June 25, 2013
This post is linked to Sunday Snippets.
Getting angry – who hasn’t? Especially getting angry with those we are closest to and who are most likely to act in ways that seem designed to trip our triggers. Some family members just can’t get together without blow-ups, some of which lead to physical violence. Some neighbors carry grudges against other neighbors and taunt them in various ways. Opposing organizations heave insults at one another in an attempt to diminish each other in the eyes of the public. Then there are blog comboxes that host innumerable ugly words.
Anger seems to be one of the easiest emotions to kindle and one that leads to resentment and a desire for revenge on others, a very dangerous situation. How seriously Jesus views anger and its outward expression in epithets hurled at one another should give all of us pause. The consequence of ad hominem attacks is hell if we fail to repent as we learn in the Gospel for the Fifth Sunday After Pentecost in the 1962 calendar.
Jesus has just finished His Beatitudes sermon recounted in Matthew 5 and told the crowd that they are the salt of the earth and light of the world. Then He announces that He is here to fulfill the Law, not abolish it and that the Law will remain until the end of time. All this leads up to the first sentence of Matt. 5: 20-24:
For I say to you that unless your justice exceeds that of the Scribes and Pharisees, you shall not enter the kingdom of heaven.
The Scribes and Pharisees were all about externals in regard to the Law. Jesus tells us that we must be internally righteous or we will go to hell, no matter how holy we may look on the outside to everybody else. He says something related in Matt. 15:17-20 when the disciples ran to Him with the information that the Pharisees were upset that he said to them, “Not that which goeth into the mouth defileth a man: but what cometh out of the mouth, this defileth a man.” In no uncertain terms Our Lord replied:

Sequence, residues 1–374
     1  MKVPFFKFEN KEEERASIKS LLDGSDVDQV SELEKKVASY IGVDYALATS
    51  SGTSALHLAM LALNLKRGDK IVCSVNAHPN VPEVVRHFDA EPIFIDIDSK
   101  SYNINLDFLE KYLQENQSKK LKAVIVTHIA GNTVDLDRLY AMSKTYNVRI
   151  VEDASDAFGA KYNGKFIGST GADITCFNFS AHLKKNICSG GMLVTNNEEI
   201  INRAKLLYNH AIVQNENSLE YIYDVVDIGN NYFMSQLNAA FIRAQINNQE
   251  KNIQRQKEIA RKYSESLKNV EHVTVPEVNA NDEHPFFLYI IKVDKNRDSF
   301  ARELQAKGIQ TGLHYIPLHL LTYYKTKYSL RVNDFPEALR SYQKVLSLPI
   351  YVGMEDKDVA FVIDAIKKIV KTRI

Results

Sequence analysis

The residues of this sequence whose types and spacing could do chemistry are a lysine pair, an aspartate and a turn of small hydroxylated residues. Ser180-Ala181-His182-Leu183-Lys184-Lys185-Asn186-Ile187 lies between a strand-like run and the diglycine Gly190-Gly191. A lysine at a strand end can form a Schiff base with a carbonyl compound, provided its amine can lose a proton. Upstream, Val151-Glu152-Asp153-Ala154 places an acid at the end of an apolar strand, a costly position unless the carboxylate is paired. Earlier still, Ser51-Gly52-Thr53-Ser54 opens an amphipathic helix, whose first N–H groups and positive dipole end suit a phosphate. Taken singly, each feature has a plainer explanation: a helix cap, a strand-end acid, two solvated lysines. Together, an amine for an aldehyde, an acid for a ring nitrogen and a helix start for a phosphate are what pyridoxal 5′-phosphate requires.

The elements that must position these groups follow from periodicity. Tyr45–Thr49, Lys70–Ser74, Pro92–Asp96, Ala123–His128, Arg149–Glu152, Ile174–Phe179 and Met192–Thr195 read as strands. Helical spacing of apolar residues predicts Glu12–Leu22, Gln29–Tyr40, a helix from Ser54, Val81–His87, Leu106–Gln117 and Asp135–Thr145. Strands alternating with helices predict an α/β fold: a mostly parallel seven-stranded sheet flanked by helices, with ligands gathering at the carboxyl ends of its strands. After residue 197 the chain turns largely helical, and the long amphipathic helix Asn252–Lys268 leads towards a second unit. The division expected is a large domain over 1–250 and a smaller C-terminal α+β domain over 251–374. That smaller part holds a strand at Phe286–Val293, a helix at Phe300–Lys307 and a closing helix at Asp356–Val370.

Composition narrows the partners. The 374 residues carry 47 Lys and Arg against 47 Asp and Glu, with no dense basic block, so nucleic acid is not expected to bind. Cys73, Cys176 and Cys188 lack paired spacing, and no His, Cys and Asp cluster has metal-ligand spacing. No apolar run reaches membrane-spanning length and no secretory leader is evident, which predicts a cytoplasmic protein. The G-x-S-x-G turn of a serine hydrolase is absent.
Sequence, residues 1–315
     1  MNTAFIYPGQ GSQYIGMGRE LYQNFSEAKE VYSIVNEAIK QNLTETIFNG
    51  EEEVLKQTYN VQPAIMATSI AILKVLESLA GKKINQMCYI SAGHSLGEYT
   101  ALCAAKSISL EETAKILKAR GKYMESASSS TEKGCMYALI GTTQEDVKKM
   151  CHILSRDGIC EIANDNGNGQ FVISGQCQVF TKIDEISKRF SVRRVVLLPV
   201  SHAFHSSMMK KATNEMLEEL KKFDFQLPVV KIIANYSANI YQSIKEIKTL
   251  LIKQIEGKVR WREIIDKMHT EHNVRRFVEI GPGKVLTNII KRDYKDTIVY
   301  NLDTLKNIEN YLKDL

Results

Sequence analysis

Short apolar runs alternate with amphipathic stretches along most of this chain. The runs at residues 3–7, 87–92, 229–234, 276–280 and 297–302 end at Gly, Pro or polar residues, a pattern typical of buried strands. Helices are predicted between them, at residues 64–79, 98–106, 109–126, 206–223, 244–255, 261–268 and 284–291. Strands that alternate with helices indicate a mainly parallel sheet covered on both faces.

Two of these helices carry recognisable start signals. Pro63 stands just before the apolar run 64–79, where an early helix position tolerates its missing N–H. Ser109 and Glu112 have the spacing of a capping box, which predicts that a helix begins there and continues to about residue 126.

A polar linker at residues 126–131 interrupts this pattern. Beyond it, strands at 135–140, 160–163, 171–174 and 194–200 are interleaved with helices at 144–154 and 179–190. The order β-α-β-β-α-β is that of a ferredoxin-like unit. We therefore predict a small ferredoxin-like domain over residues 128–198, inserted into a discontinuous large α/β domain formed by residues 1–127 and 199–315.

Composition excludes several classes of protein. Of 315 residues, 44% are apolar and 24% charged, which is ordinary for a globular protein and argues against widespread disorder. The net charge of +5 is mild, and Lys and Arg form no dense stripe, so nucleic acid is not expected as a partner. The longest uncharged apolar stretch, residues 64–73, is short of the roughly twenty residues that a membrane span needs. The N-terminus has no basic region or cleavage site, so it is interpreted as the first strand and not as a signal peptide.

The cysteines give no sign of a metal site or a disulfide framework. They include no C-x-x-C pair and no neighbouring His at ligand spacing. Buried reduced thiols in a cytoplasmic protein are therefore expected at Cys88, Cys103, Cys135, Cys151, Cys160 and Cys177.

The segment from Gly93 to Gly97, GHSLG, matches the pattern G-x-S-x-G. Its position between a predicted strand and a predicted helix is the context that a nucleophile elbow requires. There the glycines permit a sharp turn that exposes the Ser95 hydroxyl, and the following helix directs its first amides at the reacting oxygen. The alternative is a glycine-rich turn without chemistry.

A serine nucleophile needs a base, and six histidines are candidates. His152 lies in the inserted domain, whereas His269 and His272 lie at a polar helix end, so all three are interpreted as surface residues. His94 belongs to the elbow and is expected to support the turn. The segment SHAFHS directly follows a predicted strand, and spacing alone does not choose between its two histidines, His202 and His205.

Do you not understand, that whatsoever entereth into the mouth, goeth into the belly, and is cast out into the privy? But the things which proceed out of the mouth, come forth from the heart, and those things defile a man. For from the heart come forth evil thoughts, murders, adulteries, fornications, thefts, false testimonies, blasphemies. These are the things that defile a man.
Anger, one of the seven deadly sins, is at the root of many sins Jesus listed in Matt. 15:19. Anger proceeds from the heart. It leads to ugly, hateful, and demeaning words. Jesus warned the crowd and warns us in Sunday’s Gospel what will happen to us if we indulge in this emotion:
You have heard that it was said to the ancients, “Thou shalt not kill”, and that whoever shall kill shall be liable to judgment. But I say to you that everyone who is angry with his brother shall be liable to judgment; and whoever says to his brother, “Raca” shall be liable to the Sanhedrin; and whoever says, “Thou fool!”, shall be liable to the fire of Gehenna.
It doesn’t seem that many people take His words seriously today with all the cursing, foul language, and violence against others we see on television, our computers, and in books, let alone what might go on in our neighborhoods or parishes.